Orthodox, Amish among NY's lowest COVID vaccination rates. But 'there's more to the story'
New York state’s COVID-19 vaccination push is severely lagging in communities with large Orthodox Jewish and Amish populations, but the reasons fewer shots are reaching their arms extend far beyond religious beliefs.
From rural upstate New Yorkers' mistrust of government to large pockets of children under 12 being ineligible for COVID-19 vaccines, challenges abound in the dire effort to boost vaccination rates in parts of the Finger Lakes and Hudson Valley.
In fact, the lowest vaccination rates in New York ZIP codes include two Orthodox Jewish communities in Rockland and Orange counties, as well as a small Seneca County town that is home to dozens of Amish and Mennonite families.
The three communities — Monsey in Rockland County, Romulus in Seneca and Monroe in Orange — had partially vaccinated only about 17%, 22% and 28% of residents, respectively. In contrast, about 56% of New Yorkers overall received at least one COVID-19 vaccine dose.
The low local vaccination rates, which need to be raised to limit the risk of future COVID-19 outbreaks, stood in stark contrast to celebrations last week after New York state overall reached the milestone of partially vaccinating 70% of adults.
Meanwhile, Gov. Andrew Cuomo recently warned local officials to brace for more vaccine-related accountability, pledging to display lists of ZIP codes with the lowest vaccination rates during his regular public broadcasts.
The Democratic governor also recalled using the same tactic to denounce hospital leaders for failing to vaccinate enough workers earlier this year.
“You want to increase the vaccination rate, go to the lowest performing areas in the state and get them up,” Cuomo said last week, urging local officials to deploy more vaccine resources to the locales.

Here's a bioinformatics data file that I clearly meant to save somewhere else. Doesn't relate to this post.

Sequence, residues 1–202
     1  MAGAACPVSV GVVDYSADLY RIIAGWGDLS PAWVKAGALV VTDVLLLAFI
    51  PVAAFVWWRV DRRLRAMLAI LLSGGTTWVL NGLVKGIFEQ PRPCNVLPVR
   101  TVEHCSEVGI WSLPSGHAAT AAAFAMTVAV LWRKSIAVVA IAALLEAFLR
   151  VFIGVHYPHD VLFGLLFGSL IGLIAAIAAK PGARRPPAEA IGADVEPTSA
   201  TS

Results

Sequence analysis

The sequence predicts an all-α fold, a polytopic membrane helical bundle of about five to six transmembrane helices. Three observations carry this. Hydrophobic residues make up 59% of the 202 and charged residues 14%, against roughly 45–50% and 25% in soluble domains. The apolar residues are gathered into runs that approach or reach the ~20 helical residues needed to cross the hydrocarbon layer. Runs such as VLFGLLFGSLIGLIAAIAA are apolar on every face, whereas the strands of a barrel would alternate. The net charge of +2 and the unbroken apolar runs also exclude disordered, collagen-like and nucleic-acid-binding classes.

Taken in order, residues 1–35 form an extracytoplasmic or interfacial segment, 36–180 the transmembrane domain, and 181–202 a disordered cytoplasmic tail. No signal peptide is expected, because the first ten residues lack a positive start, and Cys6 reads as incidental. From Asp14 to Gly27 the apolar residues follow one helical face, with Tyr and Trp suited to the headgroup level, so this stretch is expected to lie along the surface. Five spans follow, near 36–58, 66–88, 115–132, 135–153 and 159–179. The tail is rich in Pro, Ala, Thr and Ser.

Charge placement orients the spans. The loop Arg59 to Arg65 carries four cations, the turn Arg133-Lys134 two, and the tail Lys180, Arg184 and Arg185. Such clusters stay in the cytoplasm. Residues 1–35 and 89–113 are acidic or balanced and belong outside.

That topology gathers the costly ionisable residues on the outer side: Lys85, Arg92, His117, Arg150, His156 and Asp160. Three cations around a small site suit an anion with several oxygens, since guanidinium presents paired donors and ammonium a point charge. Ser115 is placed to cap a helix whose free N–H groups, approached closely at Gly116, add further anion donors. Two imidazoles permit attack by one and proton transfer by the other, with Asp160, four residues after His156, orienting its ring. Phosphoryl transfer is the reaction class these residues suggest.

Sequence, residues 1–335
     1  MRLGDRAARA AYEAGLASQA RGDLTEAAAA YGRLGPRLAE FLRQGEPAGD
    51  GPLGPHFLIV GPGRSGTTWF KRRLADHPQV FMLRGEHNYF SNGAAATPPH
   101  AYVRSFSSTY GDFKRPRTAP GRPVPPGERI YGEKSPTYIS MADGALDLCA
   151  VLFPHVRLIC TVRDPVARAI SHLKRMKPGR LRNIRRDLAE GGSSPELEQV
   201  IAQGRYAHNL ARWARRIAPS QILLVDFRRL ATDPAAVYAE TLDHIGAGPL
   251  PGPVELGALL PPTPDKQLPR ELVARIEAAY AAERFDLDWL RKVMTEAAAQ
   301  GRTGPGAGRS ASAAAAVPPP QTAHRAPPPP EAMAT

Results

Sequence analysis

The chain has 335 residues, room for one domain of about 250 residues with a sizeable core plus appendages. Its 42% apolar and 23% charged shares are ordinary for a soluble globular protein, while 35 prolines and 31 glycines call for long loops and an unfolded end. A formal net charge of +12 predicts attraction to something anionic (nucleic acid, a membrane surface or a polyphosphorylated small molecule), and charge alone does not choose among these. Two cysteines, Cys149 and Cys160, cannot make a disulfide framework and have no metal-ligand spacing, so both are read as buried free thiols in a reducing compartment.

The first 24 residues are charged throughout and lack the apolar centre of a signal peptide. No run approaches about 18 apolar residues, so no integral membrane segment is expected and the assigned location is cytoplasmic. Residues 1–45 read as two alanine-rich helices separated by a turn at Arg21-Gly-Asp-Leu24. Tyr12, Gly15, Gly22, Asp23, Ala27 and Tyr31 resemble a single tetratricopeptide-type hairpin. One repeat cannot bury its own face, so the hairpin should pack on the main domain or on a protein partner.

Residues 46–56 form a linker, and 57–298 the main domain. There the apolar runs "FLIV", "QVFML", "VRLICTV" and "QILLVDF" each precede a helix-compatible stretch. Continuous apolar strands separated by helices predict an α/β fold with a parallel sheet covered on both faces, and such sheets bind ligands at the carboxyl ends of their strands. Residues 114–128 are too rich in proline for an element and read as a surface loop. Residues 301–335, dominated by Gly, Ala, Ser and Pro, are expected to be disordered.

Indeed, out of the roughly 1,700 ZIP codes statewide, the bottom 10% have partially vaccinated less than 38% of total population, leaving plenty of New Yorkers vulnerable to COVID-19 infections.
Local officials, residents push back against Cuomo
Local officials and residents in Seneca, Orange and Rockland counties, however, asserted the governor was using misleading data to steamroll what should be a more nuanced public health discussion.
“If you want someone to comply with something, you don’t want to shame them into it because that really causes them to dig in their heels,” said Romulus Deputy Town Supervisor Michael Joslyn, a Republican.
Some Orthodox Jewish leaders suggested the vaccination percentages unfairly singled out religious communities with higher numbers of young children unable to get shots, which are approved for ages 12 and older.
Many Amish and Mennonite communities have also historically rejected vaccines in general, Romulus area officials said, adding they’ve already had numerous COVID-19 vaccine educational meetings with members of the religious sects that shun many aspects of modern society.
Further, Romulus-area officials suggested Cuomo’s comments could potentially deter people in the Republican-leaning town from getting vaccinated.
“There’s already a lot of people here who think they don’t need the vaccine,” Joslyn said, noting a mix of governmental and scientific mistrust fuels much of the reluctance.
“Quite honestly, Governor Cuomo is not well thought of in this area,” he added.
Hudson Valley leaders also argued vaccine outreach has already been underway for months targeting skepticism about the shots – and vaccination hesitancy in general – in pockets of the Orthodox and Hasidic Jewish community.
"We’re actively going out and reassuring patients that the vaccine is safe and effective, and you should really go out and get it," said Alexandra Khorover, chief strategic officer at Refuah Health Centers based in New Square, Rockland County.